Misleading serology tests for tuberculosis could be worsening the epidemic in some high-burden countries. WHO will be issuing policy advice against their use in early 2011. Kelly Morris reports.
Although no international guideline recommends their use, scores of commercial serology tests for tuberculosis are being sold in high-burden countries. Some are laboratory-based tests, whereas others are rapid dipstick tests, which could fill a vital niche for a point-of-care tuberculosis diagnostic test. “If they worked, the problem of a gap in the pipeline for a point-of-care assay would have been solved decades ago”, comments Madhukar Pai, co-chair of the STOP-TB Partnership's new diagnostics working group. “The pity is that they don't work. In fact, they're inaccurate and useless.”
WHO is due to release a negative policy recommendation—the first of its kind for the organisation—on current commercial tuberculosis serodiagnostics. Results of several meta-analyses have indicated poor performance of these tests, and in 2008, an assessment of 19 commercial assays by TDR—the UN special programme for research and training in tropical diseases—found that none of the assays were good enough to replace sputum microscopy or as an add-on test to rule out tuberculosis. Manufacturers continue to claim that their tests are effective and fill a diagnostic niche, especially in sputum smear-negative patient groups.
Karin Weyer, WHO coordinator of TB diagnostics and laboratory strengthening, told The Lancet that “the negative policy process is a new concept in WHO”. But, she says, the process has been identical to that for positive recommendations, such as the endorsement announced on Dec 8 of a fully automated nucleic-acid amplification test (Xpert MTB/RIF, Cepheid) to improve tuberculosis diagnosis.
The available evidence on serodiagnostic kits has now been rigorously assessed, including meta-analyses when appropriate, and reviewed by an independent WHO expert group, says Weyer. “The expert group endorsed the findings from an updated systematic review since the TDR report in 2008 and essentially concluded that we should proceed with negative policy guidance based on the fact that the performance characteristics of these tests were way below what one would want and also because the quality of the data were so weak and so bad that it warranted a recommendation against the use of these tests”, she explains.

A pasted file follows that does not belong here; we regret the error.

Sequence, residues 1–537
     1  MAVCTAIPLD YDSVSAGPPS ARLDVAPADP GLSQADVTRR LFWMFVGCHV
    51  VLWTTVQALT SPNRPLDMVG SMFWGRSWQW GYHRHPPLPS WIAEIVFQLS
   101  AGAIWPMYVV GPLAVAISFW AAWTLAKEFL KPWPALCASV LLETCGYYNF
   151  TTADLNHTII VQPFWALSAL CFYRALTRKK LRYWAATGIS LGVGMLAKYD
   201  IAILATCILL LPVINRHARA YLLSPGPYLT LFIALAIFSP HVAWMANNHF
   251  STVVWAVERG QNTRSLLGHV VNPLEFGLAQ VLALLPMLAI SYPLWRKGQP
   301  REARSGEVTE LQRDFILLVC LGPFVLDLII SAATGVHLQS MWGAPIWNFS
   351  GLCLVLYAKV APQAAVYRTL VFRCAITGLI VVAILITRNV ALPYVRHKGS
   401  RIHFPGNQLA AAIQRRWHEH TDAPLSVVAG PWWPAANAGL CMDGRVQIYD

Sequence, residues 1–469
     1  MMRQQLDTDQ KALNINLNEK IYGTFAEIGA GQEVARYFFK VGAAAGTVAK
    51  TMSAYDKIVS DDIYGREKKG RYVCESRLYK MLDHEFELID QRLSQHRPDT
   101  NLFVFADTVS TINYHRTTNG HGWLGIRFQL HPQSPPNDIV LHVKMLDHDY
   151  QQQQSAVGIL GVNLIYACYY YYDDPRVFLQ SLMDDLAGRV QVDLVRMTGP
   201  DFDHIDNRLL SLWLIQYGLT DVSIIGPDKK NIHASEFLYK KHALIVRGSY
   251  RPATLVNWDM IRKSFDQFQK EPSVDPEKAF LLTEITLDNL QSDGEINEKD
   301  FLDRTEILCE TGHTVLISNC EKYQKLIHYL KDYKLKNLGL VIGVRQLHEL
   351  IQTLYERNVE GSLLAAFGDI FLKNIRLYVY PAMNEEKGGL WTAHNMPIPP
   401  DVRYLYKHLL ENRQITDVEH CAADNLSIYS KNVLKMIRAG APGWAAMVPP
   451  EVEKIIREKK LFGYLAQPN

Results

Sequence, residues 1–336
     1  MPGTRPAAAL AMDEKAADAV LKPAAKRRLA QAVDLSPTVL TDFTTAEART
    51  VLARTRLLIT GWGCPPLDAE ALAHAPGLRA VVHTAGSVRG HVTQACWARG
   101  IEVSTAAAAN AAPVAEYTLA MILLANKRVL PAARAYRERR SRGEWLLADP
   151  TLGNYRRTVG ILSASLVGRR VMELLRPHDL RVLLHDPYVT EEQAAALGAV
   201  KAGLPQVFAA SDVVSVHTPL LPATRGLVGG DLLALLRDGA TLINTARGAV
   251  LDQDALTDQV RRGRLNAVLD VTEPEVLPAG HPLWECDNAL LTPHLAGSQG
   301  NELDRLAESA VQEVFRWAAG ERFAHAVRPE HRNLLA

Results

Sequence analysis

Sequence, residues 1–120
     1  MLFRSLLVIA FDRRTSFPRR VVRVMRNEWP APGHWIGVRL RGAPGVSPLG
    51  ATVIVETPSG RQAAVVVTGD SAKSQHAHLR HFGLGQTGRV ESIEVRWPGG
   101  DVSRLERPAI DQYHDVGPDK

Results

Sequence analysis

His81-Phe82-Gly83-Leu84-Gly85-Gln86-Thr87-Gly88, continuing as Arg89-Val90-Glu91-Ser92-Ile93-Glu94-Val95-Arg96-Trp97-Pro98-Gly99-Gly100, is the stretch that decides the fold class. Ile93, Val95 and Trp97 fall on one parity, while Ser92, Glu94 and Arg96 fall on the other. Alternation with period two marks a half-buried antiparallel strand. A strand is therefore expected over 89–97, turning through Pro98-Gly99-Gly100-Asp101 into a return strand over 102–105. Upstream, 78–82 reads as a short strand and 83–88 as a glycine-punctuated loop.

“Everyone is aware of the consequences of bad drugs and vaccines, but nobody really thinks about bad diagnostics and what impact they can have”, comments Pai. In their report, released at the end of December, the WHO Strategic and Technical Advisory Group for TB acknowledges “the adverse impact of misdiagnosis and wasted resources on patients and health services when using these tests for the diagnosis of active TB”, and recommends WHO to proceed with written guidance advising against current serodiagnostic kits. Further targeted research is strongly recommended since potential exists for research to develop accurate serologic assays, which could fill the point-of-care niche. WHO is being careful with preparation of the negative policy so as not to stifle innovation and research investment in tuberculosis diagnostics, says Weyer.
Commercial serodiagnostic kits are widely available, but the problem is probably greatest in India, where Pai estimates that serodiagnostic kits are used on at least 1·5 million people with suspected tuberculosis every year. Such testing is not done through the Revised National TB Control Programme (RNTCP) but through the unregulated private sector, which manages a substantial proportion of tuberculosis cases. Patients pay for serodiagnostic kits, and the market is estimated conservatively at over $US15 million in India alone, compared with $65 million for the entire RNTCP.
Despite country-wide DOTS coverage by the RNTCP, India continues to have more than 2 million new cases of tuberculosis every year. Ongoing transmission will not be reduced without intensified early case detection, which first relies on access to quality diagnosis. Writing in The New Yorker on Nov 15, journalist Michael Specter described how, in India, “for most patients, the choices are bleak”—overcrowded public hospitals versus unreliable tests at unregulated private laboratories or clinics.
Everyone in the private-sector chain gets a cut of patient fees—up to $10—30 per serodiagnostic kit—especially the referring doctors and private clinicians, who are often the same individual, Specter reports. Financial incentives perpetuate this system, Pai explains, since: “a private practitioner may not order sputum microscopy because you don't make much money out of a cheap test like sputum smears. The more expensive the test ordered, the more money you get back”, he explains.
The available evidence indicates that current tests lack either the necessary sensitivity or specificity or both to be an effective diagnostic test, and for many of these tests, false results far outnumber true results. Low sensitivity means increased false-negative results, which increase morbidity, mortality, and ongoing transmission of tuberculosis. Low specificity means more false-positive results; patients might then be given 6 months of potentially toxic treatment, while their underlying pathology remains uninvestigated and undiagnosed.
作者:admin@医学,生命科学 2011-01-14 00:45